Each credit equals one acre of stormwater detention or storage. A 2017 feasibility study estimated that Cook County landowners could generate over $240,000 for every five projects selling their credits.
The MWRD will track sales.
Similar stormwater credit trading programs have launched in Washington, D.C. Currently, Riverdale, River Forest, Franklin Park, and Niles are modeling StormStore.
According to the United States Environmental Protection Agency, infrastructure like roads or buildings trap heat and create hotter temperatures as opposed to the natural environments. But, for some, business interests can conflict with climate goals. A project that’s environmentally beneficial for the community may not yield great financial returns for a city or developer.
Or issues like public safety have higher priority on the list of needs, Keller said. And, for financially constrained communities, the upfront costs of more plant-based projects are more expensive, Keller said—even if they have more benefits in the long-run. “It takes more attention until everything is established and working properly as opposed to a concrete pipe. You set the pipe and you move on to the next thing.”
That’s the catch with StormStore. “Funding from a stormwater trade isn’t available up-front, but only after a project is built,” Legge said.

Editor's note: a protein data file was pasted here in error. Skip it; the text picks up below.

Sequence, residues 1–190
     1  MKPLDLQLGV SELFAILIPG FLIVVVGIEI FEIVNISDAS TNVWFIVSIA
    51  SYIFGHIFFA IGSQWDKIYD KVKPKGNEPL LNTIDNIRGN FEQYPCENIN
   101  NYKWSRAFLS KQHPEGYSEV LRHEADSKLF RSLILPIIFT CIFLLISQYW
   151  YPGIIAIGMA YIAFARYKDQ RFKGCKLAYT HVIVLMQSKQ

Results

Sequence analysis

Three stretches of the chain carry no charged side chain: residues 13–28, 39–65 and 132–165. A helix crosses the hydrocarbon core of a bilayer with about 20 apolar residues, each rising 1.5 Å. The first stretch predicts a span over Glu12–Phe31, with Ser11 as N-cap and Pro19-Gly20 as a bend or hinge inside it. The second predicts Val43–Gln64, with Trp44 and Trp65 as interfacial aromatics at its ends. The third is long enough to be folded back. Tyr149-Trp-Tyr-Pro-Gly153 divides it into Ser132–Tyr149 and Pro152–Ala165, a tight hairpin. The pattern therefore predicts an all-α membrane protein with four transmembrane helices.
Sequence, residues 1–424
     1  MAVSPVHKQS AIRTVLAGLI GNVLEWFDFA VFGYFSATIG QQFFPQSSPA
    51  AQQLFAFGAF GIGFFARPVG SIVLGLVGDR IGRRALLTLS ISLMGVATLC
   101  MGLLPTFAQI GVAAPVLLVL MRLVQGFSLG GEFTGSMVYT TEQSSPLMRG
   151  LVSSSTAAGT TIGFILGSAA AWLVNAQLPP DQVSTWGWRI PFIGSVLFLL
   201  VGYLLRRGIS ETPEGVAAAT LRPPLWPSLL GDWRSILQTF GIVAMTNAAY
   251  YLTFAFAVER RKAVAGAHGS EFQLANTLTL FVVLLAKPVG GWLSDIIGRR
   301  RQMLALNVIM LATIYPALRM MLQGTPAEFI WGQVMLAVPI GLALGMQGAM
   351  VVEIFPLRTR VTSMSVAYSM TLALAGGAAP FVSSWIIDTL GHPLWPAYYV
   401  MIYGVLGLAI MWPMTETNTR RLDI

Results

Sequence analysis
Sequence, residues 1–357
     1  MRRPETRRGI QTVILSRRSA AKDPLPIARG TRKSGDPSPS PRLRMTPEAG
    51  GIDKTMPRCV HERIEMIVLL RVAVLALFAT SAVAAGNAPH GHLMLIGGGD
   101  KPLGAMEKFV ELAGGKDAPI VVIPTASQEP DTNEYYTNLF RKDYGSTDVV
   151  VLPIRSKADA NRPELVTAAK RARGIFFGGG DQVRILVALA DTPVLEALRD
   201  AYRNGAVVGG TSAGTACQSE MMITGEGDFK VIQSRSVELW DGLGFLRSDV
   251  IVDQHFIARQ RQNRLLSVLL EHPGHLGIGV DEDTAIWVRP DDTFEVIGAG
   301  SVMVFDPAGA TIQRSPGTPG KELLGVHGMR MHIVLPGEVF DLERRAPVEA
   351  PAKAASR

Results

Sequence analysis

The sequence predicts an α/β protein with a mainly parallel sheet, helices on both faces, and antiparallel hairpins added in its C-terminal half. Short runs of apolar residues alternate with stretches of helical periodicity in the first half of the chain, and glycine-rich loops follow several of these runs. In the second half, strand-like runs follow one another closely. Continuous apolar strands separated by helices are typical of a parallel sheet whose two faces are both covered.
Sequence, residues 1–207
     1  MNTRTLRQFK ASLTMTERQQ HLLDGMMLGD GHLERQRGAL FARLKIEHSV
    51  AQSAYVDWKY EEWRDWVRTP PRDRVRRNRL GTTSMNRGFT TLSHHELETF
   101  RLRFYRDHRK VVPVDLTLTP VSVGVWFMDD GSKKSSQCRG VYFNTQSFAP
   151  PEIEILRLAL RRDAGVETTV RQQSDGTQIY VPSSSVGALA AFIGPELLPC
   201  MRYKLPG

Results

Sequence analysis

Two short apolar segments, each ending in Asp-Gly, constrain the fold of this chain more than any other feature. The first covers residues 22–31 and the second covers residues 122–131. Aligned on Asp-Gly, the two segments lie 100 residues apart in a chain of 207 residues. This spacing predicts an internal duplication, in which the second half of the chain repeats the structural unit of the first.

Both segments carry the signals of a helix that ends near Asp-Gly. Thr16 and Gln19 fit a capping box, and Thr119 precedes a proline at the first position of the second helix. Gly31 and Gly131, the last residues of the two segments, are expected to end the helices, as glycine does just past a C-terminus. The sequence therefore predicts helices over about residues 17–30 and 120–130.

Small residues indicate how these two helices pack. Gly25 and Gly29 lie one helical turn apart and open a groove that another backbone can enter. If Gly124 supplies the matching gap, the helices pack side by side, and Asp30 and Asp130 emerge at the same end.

So, landowners like cities, schools, or churches in financially constrained communities—those more prone to flooding—will still have to finance projects before they can generate credits for them. In collaboration with nonprofits National Fish and Wildlife Foundation’s Chi-Cal Rivers Fund and the Grand Victoria Foundation, TNC launched the Opportunity Fund to assist cities, including Harvey, with those initial costs.
Legge said there's a plan to circulate funding to help other communities in need of green stormwater management as Harvey pilots StormStore.
“Once Harvey’s project makes a stormwater trade, some funds will return to the Opportunity Fund to support another green stormwater project for another Cook County community.”
Sometimes forces like disinvestment or outmigration can make environmentally friendly projects harder to spearhead, said Bill Schleizer, Chief Executive Officer of Delta Institute, which works with communities across the Midwest on sustainability and environmental resiliency projects.
That demands new thinking about ways environment improvements can create economic opportunities, Schleizer said. For instance, brownfield or green stormwater infrastructure training could translate to a job with a local park district, he said.
“This is one of the things that we want to always make sure happens in our projects—that the local community is the beneficiary of all the gains,” Schleizer said.
Other times the issue is staffing shortages or lack of knowledge.
Delta developed a guide for implementing projects that reduce flooding after some community leaders expressed concerns over limitations to greening their cities.
Delta staff try to understand the history of a community and support current grassroots efforts, Schleizer said, to move away from “traditional business models because that can lead you down the wrong way, where you’re just focused on return on investment instead of return on impact.”